Close to US$9.5 billion in lost investments and nearly 30,000 job losses could be the dramatic result of project deferrals in Australia’s east state of New South Wales.
This is the main conclusion of a research by PricewaterhouseCoopers (PwC) commissioned by NSW Minerals Council, which shows project delays of 12 months or more would also cost the state around $550 million (A$600m) a year in lost mining royalties over the next 20 years.
NSW Minerals Council chief executive, Stephen Galilee, said the research —part of the state's draft review of its planning system— echoes the mining sector concerns about how the scheduling system is denting resources investments and creating a level of uncertainty likely to trigger mass job cuts.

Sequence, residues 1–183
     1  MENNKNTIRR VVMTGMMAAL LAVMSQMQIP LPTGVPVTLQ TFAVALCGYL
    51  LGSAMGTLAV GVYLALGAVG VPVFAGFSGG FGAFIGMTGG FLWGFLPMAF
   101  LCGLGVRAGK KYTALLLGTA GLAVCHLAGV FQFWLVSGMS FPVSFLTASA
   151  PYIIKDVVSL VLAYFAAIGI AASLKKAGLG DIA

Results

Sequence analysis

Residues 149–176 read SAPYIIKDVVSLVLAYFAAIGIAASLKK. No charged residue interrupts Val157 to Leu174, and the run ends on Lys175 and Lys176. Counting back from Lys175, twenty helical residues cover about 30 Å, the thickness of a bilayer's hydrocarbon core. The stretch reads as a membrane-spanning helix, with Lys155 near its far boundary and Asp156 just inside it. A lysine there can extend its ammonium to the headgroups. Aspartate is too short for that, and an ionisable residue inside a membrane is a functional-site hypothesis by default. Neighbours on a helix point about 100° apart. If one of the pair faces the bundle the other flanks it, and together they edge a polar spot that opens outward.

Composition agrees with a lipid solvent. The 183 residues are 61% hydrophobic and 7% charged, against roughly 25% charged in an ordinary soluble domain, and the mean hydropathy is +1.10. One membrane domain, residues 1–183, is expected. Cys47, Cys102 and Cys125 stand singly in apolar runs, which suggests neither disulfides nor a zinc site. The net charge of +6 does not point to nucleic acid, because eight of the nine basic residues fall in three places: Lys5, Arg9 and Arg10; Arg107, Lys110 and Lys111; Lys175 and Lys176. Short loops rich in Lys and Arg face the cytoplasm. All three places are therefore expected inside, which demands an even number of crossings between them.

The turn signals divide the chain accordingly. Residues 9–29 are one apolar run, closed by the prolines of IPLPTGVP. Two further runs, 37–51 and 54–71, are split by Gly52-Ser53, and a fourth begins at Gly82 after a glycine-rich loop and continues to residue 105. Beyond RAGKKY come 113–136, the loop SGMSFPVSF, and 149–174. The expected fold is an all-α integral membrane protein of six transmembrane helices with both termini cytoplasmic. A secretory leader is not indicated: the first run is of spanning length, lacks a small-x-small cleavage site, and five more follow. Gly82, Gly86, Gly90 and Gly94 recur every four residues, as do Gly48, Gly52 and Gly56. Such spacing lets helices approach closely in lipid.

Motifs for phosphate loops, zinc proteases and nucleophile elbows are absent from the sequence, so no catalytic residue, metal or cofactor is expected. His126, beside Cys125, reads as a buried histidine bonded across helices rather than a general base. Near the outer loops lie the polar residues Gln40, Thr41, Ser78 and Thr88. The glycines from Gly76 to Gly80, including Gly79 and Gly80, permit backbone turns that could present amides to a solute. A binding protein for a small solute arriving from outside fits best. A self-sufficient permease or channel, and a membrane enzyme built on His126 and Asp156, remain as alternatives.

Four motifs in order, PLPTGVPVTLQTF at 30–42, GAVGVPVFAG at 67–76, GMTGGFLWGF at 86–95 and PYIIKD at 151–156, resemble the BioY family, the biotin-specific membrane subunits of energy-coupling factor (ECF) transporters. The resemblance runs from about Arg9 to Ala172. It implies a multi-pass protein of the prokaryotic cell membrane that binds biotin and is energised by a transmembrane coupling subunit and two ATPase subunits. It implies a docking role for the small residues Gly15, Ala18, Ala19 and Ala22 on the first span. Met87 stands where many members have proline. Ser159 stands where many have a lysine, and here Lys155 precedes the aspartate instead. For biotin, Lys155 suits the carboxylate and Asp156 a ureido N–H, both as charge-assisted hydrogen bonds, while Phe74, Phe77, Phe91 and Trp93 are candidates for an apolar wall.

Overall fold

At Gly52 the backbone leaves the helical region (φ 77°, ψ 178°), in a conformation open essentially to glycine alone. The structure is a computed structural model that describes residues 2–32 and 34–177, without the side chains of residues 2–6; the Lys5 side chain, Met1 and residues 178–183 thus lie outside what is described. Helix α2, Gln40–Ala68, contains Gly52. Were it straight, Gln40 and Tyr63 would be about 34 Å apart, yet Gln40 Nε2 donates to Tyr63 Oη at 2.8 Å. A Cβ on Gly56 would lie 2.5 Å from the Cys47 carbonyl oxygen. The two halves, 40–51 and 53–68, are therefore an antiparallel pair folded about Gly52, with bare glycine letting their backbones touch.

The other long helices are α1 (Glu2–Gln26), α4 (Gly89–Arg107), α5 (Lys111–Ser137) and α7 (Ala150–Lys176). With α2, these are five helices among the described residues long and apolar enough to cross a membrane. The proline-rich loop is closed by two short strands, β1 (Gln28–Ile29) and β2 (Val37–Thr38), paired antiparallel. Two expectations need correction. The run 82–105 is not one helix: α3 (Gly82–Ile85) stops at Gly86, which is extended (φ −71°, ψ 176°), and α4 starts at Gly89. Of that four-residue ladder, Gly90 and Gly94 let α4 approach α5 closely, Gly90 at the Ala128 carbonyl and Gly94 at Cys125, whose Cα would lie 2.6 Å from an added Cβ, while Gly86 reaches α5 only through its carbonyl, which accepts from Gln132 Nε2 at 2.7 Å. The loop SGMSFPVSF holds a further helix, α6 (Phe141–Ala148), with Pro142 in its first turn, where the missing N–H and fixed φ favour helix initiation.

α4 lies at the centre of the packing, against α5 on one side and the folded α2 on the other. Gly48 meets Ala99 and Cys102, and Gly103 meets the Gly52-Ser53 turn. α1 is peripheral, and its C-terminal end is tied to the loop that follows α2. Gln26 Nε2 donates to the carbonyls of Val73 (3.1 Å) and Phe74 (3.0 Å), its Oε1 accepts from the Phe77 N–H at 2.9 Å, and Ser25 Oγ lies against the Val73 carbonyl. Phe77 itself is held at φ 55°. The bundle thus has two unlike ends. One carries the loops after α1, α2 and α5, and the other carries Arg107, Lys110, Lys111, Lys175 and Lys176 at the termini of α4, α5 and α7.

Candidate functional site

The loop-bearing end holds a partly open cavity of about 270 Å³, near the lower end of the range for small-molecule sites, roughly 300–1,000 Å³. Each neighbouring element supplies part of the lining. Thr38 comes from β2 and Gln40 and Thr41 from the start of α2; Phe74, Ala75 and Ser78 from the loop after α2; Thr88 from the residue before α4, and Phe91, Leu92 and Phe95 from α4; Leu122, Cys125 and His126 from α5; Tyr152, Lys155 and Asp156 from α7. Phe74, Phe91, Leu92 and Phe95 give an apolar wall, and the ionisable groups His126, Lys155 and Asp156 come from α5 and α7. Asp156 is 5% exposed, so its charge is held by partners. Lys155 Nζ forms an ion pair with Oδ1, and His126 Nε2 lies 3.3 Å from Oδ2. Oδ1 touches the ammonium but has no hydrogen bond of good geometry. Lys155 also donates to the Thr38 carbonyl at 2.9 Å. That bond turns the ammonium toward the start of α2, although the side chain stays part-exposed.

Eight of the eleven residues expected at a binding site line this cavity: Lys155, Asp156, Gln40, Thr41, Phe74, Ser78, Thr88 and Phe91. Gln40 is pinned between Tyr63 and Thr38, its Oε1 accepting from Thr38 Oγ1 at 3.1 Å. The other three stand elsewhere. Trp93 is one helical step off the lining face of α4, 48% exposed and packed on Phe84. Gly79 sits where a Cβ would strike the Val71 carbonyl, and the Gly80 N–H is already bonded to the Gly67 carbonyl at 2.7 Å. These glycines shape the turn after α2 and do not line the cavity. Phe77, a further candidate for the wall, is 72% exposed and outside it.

“To avoid an economic body blow of this magnitude the NSW Government needs to replace the current broken planning system with a more efficient system that provides certainty and consistency for mining projects,” he said.
“These significant economic costs are most keenly felt in our key mining regions like the Hunter and the Illawarra and the local communities near where mining takes place,” Galilee added.
Hunter’s coal sector is already starting to feel the effects of this issue, as a Caterpillar supplier WesTrac announced yesterday it was cutting 350 jobs due to weak demand. A few days earlier newly merged GlencoreXstrata (LON: GLEN) axed 46 workers at its Ravensworth mine, adding 450 across all of its coal mines on Thursday.
Peabody Energy Corp (NYSE:BTU) followed announcing plans to cut around 450 contractor jobs.
In total Australia’s coal sector lost over 1,000 mining jobs last week alone.
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